These low numbers are not by accident, nor a result of the conscious racism of just a few individuals. It’s a systemic problem, combined with a severe lack of willingness to address it by many until very, very recently. Steve Stoute founded the award-winning agency Translation, sold it to the holding company IPG in 2007, and ended up buying it back in 2011. I talked to him in 2020, after he wrote an open letter to the Association of National Advertisers, calling on the advertising industry’s leading trade organization to set real, measurable goals and actions for its members around diversity, inclusion, and its overall treatment of Black people. What he said then still resonates with the Black Madison Ave conversation today. Read it back, and remember it was almost two years ago. “They can have a diversity department, they check boxes, but there’s no real commitment. Zero,” Stoute said. “The brands aren’t committed. The agencies aren’t committed. And thus the ecosystem isn’t committed. It’s never been.”
This tracks with Fair’s experience at a former holding company agency, as he outlines in Black Madison Ave. “‘I’d go into global meetings, and out of 82 offices, I’m the only Black motherfucker here from three levels in?” said Fair. “CEOs, CCOs, CFOs—how am I the only Black face, when you have an office in fucking Cape Town? Are you serious? Don’t tell me you can’t find us, that is the biggest bullshit line on the fucking planet.”
Representation at every level is crucial in advertising because this an industry that creates millions of images and media we see everyday; and it informs how we as individuals and society see ourselves. In his 2009 book Madison Avenue and the Color Line, Jason Chambers writes that if you look at ads as documentary, the 20th century was a time “in which whites enjoyed the fruits of consumption, and Blacks, if visible at all, contentedly served them from the margins, just slightly out of view or focus. This reliance on myth has meant that advertisements have not challenged socially erected ideologies about race. Rather, they have reproduced those ideologies, and in so doing, helped to reinforce them.”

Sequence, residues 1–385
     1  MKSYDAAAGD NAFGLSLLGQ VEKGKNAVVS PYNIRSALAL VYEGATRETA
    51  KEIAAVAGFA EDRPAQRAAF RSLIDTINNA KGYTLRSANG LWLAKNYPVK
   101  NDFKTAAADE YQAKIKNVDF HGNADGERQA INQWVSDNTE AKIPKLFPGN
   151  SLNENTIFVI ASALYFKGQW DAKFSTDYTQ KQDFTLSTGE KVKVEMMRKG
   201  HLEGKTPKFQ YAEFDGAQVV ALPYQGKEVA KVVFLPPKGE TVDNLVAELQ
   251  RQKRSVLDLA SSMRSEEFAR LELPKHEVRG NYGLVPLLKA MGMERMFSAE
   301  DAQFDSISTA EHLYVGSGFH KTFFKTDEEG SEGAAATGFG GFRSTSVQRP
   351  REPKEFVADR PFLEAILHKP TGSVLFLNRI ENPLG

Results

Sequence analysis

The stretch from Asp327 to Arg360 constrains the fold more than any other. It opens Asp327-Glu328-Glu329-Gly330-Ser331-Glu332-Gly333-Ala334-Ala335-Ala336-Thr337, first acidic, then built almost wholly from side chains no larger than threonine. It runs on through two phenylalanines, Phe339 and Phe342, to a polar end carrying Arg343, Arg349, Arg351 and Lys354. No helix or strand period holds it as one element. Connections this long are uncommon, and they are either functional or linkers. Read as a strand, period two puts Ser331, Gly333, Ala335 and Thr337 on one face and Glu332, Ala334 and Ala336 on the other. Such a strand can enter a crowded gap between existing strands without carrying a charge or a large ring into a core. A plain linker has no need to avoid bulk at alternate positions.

Back in 2020, I spoke to Goodby Silverstein & Partners creative directors Anthony O’Neill and Rony Castor about how being Black in a leadership position empowers them to impact major brand work—and the images they put out in the world—in a significant way. “When people walk into the casting room, there’s not typically a lot of people that look like Rony and me sitting there, especially together,” O’Neill told me. “As you get more people like us in there, male and female, you’re going to have a more diverse set of people cast. That’s what happens.”
There are committed people at such organizations as Ad Color, Saturday Morning Co., and 600 & Rising, among others, who have been working on this issue for years. The Black Madison Ave series complements this work as a focused, startling public record of the lived experience of Black leaders—and how little has changed. Leaders in every industry need to watch this and think about the promises they’ve made about diversity, equity, and inclusion, and how it’s all fallen short. Then get to real work on the kind of equality and redistribution that needs to happen.